Mr. Perry to Mr. Seward.

No. 17.]

Sir: I have received your despatches Nos. 51, 58, and 59, addressed to Mr. Schurz.

The anxiety felt at this capital concerning the grave question pending between the United States and England, as the time draws near when the reply of our government to the demands of England may be expected, is quite evident. I do not hesitate to say that public opinion is decidedly against us in the question of right, and the proceeding of the commandant of the San Jacinto with the Trent is considered by Spanish jurisconsults as unsanctioned by the law of nations. It is considered, therefore, that the United States ought not to hesitate to make reparation for the fault committed by their officer. Whilst this is so, there is at the same time a good deal of satisfaction manifest that the act condemned should have been committed with an English ship, and not that of any other nation. The skirts of England are not clean, and Spanish statesmen willingly allow that she is the last of all the powers in her right to complain of such treatment. But though England may have been guilty in times past of acts in regard to neutral ships even more indefensible than that of which she now complains, this is not thought to justify the United States in the commission of like faults, and there is no hesitation here upon the point that the interests of all nations would be served by the United States yielding in this matter and allowing the question involved in the affair of the San Jacinto and Trent to be decided against them upon principle.

I give you thus a summary of the opinions of various personages with whom I have conversed freely, and which may be taken as those of the most enlightened and most competent of this country.

Yesterday I had an informal interview with the minister of state at his department, in which the conversation turned upon the declaration made to me in June last by Mr. Calderon, to the effect that he would not see nor receive any commissioners or other negotiators from the so-called Confederate States, as reported by me in despatch No. 4, of June 13, published in the London [Page 482] Times of December 19. Mr. Calderon renewed to me yesterday the same declaration, saying that the policy of Spain in regard to our civil contest was fixed by the royal decree of June 17, which appeared a few days subsequent to the interview referred to, and that her Majesty’s government had no intention to depart from its provisions in any respect. Mr. Calderon said himself, that to hold conferences with or to receive the agents of the so-called Confederate States in any official capacity would be tantamount to recognizing the separate existence of those States as a body politic, and this the government of Spain had no intention to do, but holds to the line of conduct and policy embodied in the royal decree of June 17.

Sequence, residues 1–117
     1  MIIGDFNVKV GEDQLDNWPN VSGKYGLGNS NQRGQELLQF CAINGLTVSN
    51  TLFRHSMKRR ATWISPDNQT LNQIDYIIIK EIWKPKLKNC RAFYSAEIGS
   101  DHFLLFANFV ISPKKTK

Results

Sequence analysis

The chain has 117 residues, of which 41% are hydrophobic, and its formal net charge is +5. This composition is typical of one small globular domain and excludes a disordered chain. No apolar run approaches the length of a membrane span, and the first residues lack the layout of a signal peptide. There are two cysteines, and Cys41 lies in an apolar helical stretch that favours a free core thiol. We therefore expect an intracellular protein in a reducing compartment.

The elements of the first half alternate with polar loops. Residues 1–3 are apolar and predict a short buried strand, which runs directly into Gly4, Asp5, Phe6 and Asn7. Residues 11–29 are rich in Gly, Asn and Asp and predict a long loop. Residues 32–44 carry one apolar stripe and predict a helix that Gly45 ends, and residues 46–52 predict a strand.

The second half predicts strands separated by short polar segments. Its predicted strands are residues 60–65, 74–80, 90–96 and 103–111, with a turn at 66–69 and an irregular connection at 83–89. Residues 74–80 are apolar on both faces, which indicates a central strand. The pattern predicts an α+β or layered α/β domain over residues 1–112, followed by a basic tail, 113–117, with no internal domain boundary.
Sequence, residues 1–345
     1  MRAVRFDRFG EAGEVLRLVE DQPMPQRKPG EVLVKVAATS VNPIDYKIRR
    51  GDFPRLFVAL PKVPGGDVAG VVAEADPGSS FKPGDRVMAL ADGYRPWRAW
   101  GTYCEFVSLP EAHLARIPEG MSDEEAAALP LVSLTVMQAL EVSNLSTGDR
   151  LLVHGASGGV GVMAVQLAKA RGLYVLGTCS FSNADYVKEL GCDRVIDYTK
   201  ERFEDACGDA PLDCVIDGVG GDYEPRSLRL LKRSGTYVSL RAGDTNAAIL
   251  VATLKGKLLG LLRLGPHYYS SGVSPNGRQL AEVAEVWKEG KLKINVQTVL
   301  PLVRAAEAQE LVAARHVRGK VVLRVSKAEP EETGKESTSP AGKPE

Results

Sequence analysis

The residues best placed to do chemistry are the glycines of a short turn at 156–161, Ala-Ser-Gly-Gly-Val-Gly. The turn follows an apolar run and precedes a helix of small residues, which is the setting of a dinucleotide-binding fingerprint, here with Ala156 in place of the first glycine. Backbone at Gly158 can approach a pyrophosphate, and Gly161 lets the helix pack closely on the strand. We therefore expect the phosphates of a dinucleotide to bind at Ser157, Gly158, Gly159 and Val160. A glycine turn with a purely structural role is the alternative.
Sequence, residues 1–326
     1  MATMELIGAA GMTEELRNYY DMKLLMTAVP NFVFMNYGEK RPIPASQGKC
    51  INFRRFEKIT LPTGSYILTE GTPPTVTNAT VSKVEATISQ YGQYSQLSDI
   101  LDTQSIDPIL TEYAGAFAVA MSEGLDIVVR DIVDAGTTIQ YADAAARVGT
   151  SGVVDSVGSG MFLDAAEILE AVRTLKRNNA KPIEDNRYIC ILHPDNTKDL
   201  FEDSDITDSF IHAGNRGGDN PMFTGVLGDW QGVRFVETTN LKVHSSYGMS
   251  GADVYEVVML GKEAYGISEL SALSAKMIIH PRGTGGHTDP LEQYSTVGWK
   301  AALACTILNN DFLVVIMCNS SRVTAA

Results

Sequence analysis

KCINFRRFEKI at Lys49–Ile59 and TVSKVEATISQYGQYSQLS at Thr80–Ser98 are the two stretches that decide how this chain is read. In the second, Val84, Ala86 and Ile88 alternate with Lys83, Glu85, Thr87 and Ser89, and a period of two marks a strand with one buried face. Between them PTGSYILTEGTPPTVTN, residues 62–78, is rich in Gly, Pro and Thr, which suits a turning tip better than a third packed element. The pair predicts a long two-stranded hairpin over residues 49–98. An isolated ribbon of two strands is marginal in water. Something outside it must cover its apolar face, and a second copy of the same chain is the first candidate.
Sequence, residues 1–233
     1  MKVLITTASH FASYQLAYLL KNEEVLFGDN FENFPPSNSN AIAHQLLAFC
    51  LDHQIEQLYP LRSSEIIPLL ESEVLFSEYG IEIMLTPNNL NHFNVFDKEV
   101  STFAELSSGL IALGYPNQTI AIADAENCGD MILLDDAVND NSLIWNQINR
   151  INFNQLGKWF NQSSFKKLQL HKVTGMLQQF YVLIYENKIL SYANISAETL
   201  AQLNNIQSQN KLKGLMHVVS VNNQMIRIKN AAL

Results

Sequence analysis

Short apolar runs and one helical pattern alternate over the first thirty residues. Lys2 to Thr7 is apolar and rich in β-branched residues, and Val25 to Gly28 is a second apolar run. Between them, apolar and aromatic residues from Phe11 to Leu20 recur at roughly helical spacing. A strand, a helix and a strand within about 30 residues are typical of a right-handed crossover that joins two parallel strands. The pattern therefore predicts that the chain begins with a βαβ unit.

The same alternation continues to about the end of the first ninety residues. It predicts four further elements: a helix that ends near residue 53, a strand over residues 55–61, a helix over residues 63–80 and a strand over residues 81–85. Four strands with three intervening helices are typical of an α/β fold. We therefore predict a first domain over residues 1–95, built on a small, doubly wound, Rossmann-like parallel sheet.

As to the question between the United States and England growing out of the affairs of the San Jacinto, Mr. Calderon said, in substance, in reply to my observations, that we were wrong, and that England could not help making her energetic reclamation against that proceeding. That the subject of the attitude of Spain in the case of war between the two powers had not been treated in the council of ministers, as there had been no formal instance on my part in regard to the matter; but he quite agreed with me that the interests of Spain indicated a complete neutrality, and there was no motive why Spain should take any part in the contest on either side. His manner was frank and kind, and his language such as to completely reassure me in my conviction that this country has no idea of being itself drawn into the dispute in any event. I did not myself think proper to give to this rather informal conversation any more important character, nor attempt to press the minister to any distinct declaration of an official nature at the present moment. When we know the reply of the President to the pretensions of the English cabinet, I shall endeavor to shape my course here in accordance with what our interests may then seem to demand, hoping to receive your instructions as to any positive step which it may be proper to take. Meantime everything confirms the opinion expressed in my despatch No. 15, that a complete neutrality of Spain in any and all circumstances of the threatening conflict with England can be maintained.

I have the honor to be, with the highest respect, sir, your obedient servant,


Hon. William H. Seward, Secretary of State, Washington.